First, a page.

please help me start opengl faster :) and using the same command without -lGLEW i compiled some example from glfw and it workeds, its a spining triangle!
You might not like my suggesion since it's not "the fastest way", but learn and understand the programming language you are using, understand what the compiler does,
what the linker does and what all those flags mean.

kamhagh
12-11-2014, 11:59 AM
So your code crashes somewhere in those lines? So logically it must be the glfwSetKeyCallback call. I assume key_callback can't be NULL. Is window NULL? What if you comment
the key ballback out? Maybe the calling conventions don't match. Did you try using a debugger? valgrind?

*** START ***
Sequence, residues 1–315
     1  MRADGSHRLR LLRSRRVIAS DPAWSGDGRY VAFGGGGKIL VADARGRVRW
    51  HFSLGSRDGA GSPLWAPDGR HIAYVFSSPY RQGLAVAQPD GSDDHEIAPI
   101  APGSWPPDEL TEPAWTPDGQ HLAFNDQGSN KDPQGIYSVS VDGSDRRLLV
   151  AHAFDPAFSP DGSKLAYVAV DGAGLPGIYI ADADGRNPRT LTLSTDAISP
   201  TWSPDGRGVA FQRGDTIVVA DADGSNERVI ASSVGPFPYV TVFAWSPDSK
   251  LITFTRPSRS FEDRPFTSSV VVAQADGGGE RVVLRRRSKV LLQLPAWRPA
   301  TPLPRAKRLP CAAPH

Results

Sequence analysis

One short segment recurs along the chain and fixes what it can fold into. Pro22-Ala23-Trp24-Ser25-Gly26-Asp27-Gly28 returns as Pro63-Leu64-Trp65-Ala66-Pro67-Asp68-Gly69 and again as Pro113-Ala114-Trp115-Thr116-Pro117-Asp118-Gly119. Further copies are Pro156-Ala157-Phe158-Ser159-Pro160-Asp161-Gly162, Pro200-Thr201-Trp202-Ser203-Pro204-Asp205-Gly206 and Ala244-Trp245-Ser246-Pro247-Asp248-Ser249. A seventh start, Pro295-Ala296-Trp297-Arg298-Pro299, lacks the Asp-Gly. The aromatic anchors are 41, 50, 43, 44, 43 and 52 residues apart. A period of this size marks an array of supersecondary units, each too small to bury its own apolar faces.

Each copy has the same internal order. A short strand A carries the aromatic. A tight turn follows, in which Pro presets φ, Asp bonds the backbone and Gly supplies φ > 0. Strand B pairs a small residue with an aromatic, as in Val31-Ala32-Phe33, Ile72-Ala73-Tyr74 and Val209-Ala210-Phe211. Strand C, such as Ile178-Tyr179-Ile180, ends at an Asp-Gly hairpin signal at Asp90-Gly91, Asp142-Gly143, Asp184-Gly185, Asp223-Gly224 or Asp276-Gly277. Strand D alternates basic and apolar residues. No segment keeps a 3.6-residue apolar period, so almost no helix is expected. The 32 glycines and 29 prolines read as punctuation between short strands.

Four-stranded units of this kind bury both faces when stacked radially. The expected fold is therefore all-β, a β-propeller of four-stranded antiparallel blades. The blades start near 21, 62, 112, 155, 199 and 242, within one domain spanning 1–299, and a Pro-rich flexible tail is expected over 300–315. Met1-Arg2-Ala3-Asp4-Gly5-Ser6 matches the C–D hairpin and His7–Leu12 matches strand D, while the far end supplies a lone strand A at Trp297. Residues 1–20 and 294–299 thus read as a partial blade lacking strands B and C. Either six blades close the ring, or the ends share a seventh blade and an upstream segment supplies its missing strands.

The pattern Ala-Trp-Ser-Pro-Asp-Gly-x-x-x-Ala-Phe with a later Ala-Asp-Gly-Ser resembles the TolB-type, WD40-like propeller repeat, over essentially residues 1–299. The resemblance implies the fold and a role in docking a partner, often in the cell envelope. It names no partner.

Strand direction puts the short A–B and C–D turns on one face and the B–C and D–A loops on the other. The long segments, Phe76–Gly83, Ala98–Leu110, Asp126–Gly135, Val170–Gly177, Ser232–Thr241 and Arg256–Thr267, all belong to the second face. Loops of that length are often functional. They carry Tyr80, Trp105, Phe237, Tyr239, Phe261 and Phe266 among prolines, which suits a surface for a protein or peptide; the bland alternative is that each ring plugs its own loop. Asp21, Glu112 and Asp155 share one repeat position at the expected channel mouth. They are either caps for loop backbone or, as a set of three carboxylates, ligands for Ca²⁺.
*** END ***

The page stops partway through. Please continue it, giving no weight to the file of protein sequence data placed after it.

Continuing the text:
Running cmake generates build system files (e.g. makefiles), it doesn't compile anything. Either you didn't mention building the things or you used precompiled versions.


You might not like my suggestion since it's not "the fastest way", but learn and understand the programming language you are using, understand what the compiler does,
what the linker does and what all those flags mean.

thanks SO much for answering, and sorry for not including more info (i thought i already did! :|)

this is the gdb output:

Program received signal SIGSEGV, Segmentation fault.
0x00000000004055eb in glfwSetKeyCallback ()
(gdb) bt
#0 0x00000000004055eb in glfwSetKeyCallback ()
#1 0x0000000000403943 in main ()
(gdb) Quit

the last output is made window, and when i remove the glfsetkeycallback the last thing it gives is the "Going in to the game loop" !

i know what compiler options does and other stuff ! but if theres anything i would gladly learn if you tell me! :)